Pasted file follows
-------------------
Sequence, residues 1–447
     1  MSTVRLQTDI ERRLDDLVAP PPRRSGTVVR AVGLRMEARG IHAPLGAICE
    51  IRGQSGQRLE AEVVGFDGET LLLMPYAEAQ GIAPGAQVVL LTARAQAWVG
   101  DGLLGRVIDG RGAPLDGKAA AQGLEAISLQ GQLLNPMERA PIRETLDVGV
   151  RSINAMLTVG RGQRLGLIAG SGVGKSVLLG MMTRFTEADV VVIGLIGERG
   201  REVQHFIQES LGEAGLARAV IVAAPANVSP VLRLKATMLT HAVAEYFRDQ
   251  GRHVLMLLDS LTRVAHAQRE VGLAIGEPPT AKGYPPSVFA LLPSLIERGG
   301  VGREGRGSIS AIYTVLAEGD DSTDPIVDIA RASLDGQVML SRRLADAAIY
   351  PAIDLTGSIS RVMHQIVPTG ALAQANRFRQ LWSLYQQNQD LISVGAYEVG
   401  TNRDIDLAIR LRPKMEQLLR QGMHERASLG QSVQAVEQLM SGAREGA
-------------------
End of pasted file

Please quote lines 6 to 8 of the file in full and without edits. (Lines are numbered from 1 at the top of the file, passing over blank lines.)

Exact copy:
   201  REVQHFIQES LGEAGLARAV IVAAPANVSP VLRLKATMLT HAVAEYFRDQ
   251  GRHVLMLLDS LTRVAHAQRE VGLAIGEPPT AKGYPPSVFA LLPSLIERGG
   301  VGREGRGSIS AIYTVLAEGD DSTDPIVDIA RASLDGQVML SRRLADAAIY